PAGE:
NatalieJohn is offline I'm new here!
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    At most events you will need to use soft light. Soft light will give you an ability to take a wide range of photographs and know that you will reduce the amount of visible shadows that display in your complete photographs. Direct and harsh light, as a contrast, will only create deep dark shadows and will take away from the finished product of your photograph.

  6. #26
    TheSaintlyOne is offline I'm new here!
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    Thanks for all the replies.

    I have really two options for what/how I see my career developing. as I attend each red carpet event I take a good look at pro equipment and the conditions they work in.

    Alot of the time they are stuffed into tight pens so off camera flash is simply not an option - rain can be an issue at times.

    My Options Are
    1) Stick with Sony, whilst I'm not heavily invested in that system at the moment my immediate requirements are Flashes and Faster Glass 24-70mm f2.8 (not the big long lenses) plus by eventually upgrading to an A77etc I will always have my original spare body wich with a prime could be an advantage.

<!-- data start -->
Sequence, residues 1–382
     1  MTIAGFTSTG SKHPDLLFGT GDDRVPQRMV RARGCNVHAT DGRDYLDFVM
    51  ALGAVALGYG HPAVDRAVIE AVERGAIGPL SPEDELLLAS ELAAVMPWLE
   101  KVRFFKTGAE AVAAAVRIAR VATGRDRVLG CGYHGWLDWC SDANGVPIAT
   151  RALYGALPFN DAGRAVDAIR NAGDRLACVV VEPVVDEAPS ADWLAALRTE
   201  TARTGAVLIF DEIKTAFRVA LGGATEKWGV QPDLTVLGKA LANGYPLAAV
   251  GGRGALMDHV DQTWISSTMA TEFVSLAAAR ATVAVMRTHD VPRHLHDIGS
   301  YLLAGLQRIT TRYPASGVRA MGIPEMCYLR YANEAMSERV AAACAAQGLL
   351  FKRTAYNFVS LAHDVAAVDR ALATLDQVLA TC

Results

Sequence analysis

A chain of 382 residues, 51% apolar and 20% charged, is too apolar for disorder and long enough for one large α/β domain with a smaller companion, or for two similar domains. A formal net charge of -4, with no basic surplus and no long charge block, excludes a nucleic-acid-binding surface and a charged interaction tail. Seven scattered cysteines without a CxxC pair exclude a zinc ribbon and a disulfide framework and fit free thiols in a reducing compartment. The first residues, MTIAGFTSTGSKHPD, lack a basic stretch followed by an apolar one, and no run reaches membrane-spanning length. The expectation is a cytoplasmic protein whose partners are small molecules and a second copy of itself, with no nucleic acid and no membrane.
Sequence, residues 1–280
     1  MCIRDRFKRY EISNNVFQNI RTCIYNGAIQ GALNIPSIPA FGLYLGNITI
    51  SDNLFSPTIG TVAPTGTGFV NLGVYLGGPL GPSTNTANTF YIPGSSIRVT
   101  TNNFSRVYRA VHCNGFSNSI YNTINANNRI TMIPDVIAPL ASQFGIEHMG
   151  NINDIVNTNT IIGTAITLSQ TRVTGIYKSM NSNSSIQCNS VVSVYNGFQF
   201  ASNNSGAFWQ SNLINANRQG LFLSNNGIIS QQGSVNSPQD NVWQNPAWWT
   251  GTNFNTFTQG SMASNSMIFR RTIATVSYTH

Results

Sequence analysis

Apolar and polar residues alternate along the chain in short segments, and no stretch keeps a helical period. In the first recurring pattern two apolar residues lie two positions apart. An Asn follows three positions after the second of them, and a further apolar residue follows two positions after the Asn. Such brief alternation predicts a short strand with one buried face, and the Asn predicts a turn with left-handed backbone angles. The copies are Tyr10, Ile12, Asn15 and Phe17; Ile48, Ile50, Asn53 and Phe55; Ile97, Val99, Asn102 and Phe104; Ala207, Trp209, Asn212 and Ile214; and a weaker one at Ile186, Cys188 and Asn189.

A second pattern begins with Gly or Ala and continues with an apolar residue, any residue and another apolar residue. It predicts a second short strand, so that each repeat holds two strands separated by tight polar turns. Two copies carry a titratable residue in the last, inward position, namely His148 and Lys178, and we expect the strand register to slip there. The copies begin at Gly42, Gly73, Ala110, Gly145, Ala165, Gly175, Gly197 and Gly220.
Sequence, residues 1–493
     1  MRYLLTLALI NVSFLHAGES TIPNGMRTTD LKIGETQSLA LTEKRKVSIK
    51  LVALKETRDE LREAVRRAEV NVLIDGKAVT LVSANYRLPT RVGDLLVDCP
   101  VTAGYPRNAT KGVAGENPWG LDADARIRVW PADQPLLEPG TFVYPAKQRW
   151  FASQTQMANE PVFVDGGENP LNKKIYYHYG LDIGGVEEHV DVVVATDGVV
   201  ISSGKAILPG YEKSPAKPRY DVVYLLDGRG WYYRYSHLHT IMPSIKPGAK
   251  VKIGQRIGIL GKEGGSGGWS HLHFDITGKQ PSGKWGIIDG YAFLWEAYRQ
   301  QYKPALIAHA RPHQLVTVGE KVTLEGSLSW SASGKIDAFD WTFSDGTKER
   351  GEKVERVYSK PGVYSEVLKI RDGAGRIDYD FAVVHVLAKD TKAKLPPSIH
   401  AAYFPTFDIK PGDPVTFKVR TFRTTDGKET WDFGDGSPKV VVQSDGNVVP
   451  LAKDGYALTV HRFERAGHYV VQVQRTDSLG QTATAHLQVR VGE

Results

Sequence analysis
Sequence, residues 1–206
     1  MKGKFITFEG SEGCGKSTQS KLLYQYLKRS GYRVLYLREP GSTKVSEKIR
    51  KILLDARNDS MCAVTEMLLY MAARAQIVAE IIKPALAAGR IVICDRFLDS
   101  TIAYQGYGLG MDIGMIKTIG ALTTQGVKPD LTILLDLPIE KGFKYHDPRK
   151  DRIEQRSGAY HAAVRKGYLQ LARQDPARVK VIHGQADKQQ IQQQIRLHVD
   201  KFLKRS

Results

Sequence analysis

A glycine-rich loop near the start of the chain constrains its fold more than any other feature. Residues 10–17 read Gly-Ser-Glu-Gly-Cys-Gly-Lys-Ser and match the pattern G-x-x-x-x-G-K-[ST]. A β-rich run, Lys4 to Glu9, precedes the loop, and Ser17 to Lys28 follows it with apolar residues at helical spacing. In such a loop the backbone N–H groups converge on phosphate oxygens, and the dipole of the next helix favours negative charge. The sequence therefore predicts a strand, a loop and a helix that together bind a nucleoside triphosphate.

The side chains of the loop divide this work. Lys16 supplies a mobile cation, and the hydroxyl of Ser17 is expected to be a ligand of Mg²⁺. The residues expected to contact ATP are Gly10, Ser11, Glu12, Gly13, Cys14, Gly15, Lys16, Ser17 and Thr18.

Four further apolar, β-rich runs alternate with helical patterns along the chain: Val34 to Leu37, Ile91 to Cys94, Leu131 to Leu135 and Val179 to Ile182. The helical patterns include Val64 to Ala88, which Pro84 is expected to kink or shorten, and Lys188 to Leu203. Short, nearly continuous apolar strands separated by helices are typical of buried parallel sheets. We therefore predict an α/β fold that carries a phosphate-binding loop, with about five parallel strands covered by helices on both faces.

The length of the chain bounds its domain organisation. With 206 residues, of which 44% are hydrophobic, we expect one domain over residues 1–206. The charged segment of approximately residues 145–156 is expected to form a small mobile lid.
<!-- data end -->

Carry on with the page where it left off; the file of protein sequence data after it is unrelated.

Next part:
2) Go to Nikon i.e. the D7000 or its potential upgrade - this upgrade is possibly the biggest off put for Nikon as only rumors are being discussed and the idea of buying a 900 body only to have a new improved version come out soon after....!!!

    many thoughts have and will go into this.

    Best Wishes

    Duncan

  7. #27
    doctorjames is offline Dont change this!
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    I guess what you really need to decide on is what you want in the short, medium and long term.